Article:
The Village of Pugwash is a mining community that has been recognized traditionally for its history of Scottish settlement, with its attitude towards utilitarianism and respect for the land. Visually, the landscape of Pugwash is defined by the Barn, and over the years the barn's original structure and function has been altered from a place of storage for animals and equipment, to being renovated into Canadian domestic architecture. As a result, the Barn has become a sort of cultural vernacular for Canadians, a visual language specific to a new generation. Serving as inspiration for architects, including Brian MacKay-Lyons of MacKay–Lyons Sweetapple Architects Limited, the traditional structure of the Barn is being reinvented into contemporary use as seen in the Leahey II House in the Village of Pugwash, Nova Scotia. At houseporn.ca, we call this The New Canadian Vernacular.
The Leahey II House is a juxtaposition of the traditional barn archetype on two different levels; let's start with the material and its function: The Home has kept the traditional influence of Scottish barns and farming culture - specific to Pugwash - by maintaining the form and material simplicity of the barn design. However, the design has been modernized through the use of Galvalume cladding which creates clean minimalist lines and a neutral base tone. This material allows the distilled essence of the design to be illuminated, as it captures light from the surrounding landscape, creating gorgeous gradients in both color and tone.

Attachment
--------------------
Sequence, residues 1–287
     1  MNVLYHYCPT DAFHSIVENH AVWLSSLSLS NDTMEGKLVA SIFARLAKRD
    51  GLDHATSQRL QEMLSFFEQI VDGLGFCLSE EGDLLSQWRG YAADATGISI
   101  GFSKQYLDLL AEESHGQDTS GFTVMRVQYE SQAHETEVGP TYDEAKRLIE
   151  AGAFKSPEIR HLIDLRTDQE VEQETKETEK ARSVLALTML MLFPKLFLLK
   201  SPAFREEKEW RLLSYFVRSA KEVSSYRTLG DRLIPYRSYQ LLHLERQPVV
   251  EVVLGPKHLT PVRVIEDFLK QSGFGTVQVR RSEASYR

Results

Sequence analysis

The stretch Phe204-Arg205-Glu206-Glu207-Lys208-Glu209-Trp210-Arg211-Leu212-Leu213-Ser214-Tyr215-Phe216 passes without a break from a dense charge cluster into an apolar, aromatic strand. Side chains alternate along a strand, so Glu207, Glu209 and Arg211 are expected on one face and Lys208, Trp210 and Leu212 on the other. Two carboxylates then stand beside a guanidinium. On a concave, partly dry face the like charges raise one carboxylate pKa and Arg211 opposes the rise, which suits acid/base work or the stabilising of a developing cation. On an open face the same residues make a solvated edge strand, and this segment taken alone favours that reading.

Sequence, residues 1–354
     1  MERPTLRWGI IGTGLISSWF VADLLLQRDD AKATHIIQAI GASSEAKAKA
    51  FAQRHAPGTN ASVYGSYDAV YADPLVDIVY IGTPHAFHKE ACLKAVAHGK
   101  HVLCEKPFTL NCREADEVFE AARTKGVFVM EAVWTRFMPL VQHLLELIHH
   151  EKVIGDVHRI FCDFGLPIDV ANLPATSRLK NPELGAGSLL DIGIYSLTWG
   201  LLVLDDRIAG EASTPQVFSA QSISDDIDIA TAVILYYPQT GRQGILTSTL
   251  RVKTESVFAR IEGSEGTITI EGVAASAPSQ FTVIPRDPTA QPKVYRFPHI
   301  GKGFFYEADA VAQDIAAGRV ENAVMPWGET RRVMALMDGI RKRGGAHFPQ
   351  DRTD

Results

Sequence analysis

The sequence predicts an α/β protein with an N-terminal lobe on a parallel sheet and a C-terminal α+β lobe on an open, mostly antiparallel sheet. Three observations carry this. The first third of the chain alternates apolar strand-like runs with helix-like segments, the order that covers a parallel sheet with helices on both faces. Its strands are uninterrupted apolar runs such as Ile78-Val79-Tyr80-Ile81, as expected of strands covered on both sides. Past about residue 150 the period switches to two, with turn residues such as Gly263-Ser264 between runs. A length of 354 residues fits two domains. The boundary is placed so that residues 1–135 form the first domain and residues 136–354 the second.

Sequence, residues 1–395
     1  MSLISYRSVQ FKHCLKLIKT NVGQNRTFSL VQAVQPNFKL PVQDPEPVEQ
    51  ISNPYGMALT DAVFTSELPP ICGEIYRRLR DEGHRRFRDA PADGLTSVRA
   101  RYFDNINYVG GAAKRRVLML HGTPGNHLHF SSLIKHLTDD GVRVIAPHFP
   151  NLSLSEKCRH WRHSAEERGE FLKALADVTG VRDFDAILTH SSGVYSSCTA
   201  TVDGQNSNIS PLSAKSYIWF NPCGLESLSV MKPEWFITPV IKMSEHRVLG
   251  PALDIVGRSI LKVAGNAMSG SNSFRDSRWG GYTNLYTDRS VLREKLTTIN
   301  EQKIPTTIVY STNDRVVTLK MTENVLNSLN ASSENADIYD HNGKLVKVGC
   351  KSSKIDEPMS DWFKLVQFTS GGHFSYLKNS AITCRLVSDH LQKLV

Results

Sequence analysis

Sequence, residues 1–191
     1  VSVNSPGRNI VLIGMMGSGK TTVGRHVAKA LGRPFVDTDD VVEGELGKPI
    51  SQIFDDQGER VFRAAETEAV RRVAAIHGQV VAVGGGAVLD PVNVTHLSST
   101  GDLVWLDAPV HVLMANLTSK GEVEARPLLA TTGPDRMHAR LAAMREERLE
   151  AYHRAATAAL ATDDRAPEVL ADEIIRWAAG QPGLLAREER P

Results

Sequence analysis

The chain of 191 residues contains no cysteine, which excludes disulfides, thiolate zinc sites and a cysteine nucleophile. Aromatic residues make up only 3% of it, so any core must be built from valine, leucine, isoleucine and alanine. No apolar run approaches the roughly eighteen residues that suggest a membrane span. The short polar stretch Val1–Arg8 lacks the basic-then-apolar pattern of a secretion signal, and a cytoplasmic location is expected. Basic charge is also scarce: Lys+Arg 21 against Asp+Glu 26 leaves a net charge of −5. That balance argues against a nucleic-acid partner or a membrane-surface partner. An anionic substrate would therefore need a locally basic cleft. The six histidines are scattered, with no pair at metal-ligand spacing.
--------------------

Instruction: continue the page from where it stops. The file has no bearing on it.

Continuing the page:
As well, the residence maintains the functional characteristics of a barn through its use and layout, where compartments are dedicated for sleep, engagement, and storage. This shelter is composed of three seamlessly interconnected buildings, and flanked by a separate, fourth storage space. The distance between the residence and the separated storage space creates a dialogue for how the architect is playing with the concepts of traditional (storage space) and contemporary (residence).
Both the material usage and structural layout of the design work in harmony to create a stunningly minimalist residence - one that bridges the gap between the local vernacular of the area and its contemporary growth.
However, the home's location is also an important aspect to consider. When designing the home, architect Brian MacKay-Lyons urged the owners to build it on the edge of two lots, which he explained helped the home lay lightly on the land. This attitude reflects the longstanding local importance of preservation and respect for the land.
The Minimalist design of the Leahey II House both blends in and stands out in the village of Pugwash. Drawing on the architect's inherit understanding of sense of place in his native Nova Scotia, and the influence of modern art forms, the Leahey II House acts as a contemporary archetype for the new vernacular. It offers us both a glimpse of the past and the inspiration of the present, but it is not the only home in Nova Scotia that does this MLS architects have built many homes in the province and each elaborate on the same idea of the new vernacular!
Be sure to check out these stories that feature MLS Architects on the houseporn.ca website:
Visit MacKay- Lyons SweetApple Architects to see their entire body of work, and to ogle over their conceptual designs.
Researched and written by Amanda Salmon, a Bachelor of Fine Arts graduate from the Alberta College of Art and Design.